Former members of Deloitte's blockchain team are joining a new startup that seeks to bring a tokenized blockchain protocol to one of the world's most inefficient markets.
Announced Monday, a startup called Citizens Reserve is coming out of stealth, revealing it has hired former Deloitte global blockchain leader Eric Piscini, as well as at least two other former members of the firm's blockchain division, to its initial 32-person team.
Not short on ambition, Citizens Reserve is seeking to launch a permissioned blockchain protocol called zerv that the startup hopes will become an "operating system for supply chain."
"We're building a supply chain middleware that sits on top of the blockchain and gives you all the fundamental pieces of the supply chain," Piscini explained.
In this way, Piscini said that the company's "zerv network" will seek to build on top of existing blockchains like quorum and ethereum to create a technology that can match orders and track provenance on a supply chain that operates on a consortium model.
Key to this, however, will be what the company calls its ability to "embrace blockchain" by using the technology to offer monetary incentives. As described by Piscini, the zerv platform will feature a cryptocurrency that will be redeemable for real-world assets.
Piscini told CoinDesk:
He went on to say that while the market will decide the value of the coin, the company plans to accumulate real-world assets and back the token in such a way that it does not fall below $0.01. The idea is the tokens could be redeemed for these assets by members.
Armed with this vision, the company is now seeking to raise millions in a private sale of its token. Though he did not disclose the total of the fundraise, Piscini said the goal is to also have a public sale of the assets in which additional funds could be raised.
Still, he was quick to note that the funds raised will not be used to fund the company itself, but rather to build and grow the zerv network.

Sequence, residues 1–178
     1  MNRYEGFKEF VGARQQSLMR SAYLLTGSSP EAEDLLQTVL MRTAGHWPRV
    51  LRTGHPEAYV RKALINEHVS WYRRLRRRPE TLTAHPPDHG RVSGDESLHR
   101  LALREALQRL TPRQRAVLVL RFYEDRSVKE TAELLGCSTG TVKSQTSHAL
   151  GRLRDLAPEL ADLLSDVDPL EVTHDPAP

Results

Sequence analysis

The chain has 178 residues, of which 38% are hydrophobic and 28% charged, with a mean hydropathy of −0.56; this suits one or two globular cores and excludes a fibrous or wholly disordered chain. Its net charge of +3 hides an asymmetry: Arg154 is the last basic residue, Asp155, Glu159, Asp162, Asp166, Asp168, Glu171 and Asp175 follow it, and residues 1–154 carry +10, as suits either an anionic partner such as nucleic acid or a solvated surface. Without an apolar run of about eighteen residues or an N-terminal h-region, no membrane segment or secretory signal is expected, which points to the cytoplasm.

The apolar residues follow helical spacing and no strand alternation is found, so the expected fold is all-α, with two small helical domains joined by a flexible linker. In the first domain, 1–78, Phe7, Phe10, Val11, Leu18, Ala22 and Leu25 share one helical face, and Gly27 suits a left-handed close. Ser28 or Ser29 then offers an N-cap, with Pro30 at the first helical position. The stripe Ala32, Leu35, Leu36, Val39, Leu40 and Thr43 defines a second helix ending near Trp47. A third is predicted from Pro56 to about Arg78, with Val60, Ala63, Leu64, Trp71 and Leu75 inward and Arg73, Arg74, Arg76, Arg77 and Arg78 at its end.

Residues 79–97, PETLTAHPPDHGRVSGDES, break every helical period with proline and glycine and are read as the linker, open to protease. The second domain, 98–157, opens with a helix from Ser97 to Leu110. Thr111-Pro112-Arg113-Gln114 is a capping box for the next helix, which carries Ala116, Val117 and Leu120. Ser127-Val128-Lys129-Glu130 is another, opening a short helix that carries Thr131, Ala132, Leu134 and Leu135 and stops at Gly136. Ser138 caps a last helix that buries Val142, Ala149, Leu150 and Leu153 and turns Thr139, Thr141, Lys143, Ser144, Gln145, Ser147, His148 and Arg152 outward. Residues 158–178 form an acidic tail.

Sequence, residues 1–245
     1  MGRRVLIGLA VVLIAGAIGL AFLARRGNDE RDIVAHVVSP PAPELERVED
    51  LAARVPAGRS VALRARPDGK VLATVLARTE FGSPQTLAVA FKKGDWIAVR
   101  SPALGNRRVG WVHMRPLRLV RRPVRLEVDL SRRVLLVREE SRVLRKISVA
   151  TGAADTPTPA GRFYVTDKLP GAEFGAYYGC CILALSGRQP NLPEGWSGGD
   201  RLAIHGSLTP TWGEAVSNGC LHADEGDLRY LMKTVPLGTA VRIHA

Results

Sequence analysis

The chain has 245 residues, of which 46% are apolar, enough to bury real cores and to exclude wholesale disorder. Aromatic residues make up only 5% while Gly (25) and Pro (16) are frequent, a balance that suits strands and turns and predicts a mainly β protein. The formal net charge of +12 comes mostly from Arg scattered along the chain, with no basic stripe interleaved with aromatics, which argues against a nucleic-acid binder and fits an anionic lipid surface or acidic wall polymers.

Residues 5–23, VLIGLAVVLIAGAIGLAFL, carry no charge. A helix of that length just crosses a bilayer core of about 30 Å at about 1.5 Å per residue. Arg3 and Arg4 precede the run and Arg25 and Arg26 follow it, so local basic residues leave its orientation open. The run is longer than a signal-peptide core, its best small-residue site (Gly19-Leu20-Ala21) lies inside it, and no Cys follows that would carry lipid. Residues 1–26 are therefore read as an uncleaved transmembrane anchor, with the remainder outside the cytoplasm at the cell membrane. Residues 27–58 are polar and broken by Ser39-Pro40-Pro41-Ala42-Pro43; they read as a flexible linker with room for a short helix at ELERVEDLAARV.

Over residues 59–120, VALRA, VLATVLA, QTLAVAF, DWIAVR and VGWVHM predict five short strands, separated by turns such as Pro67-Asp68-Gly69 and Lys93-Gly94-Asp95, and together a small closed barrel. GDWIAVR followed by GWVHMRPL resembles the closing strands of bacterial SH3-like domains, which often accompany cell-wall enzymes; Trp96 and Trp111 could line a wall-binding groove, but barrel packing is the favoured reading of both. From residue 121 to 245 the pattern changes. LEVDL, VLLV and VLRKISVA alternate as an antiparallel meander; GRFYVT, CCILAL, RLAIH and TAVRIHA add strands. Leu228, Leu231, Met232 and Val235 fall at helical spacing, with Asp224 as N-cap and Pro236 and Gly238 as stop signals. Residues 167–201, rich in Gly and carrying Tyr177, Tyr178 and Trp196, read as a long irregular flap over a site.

Founded in late 2016, Citizens Reserve is led by CEO and co-founder James Bower, former CEO of US-based tablet accessory manufacturer Gamevice (formerly Wikipad). Addison McKenzie and Shannon Coble are also co-founders.
But if Piscini was less clear about the details of the company financing, he was more open about its go-to-market strategy.
According to company materials, the defense sector will be "the first industry" targeted due to the fact that markets for the trade of ammunition, weapons, medical devices and more don't use any form of software today.
"In the defense industry, the way people buy and sell is by picking up the phone," he said.
Still, the overall goal is that, over time, the zerv network will be used across industries including healthcare, real estate, VR and electronics. The company, he said, will provide a guarantee of the token's value, while manufacturers will broadcast these various kinds of inventory to the network.
"If want to sell my product, I'll forecast the information I have coming up and I'll publish that on the platform. We match the order, provide the marketplace functions and the agreement will be logged on the blockchain. We don't put the individual asset on the blockchain."
However, if the details are still coming together, Piscini is confident that the supply chain will emerge as one of the more essential blockchain use cases, though one that is perhaps being held back by models that seek to use permissioned versions of the technology.
"When I was working at Deloitte, across all the different use cases of blockchain, the number one use case in terms of revenue and impact was supply chain," he said.
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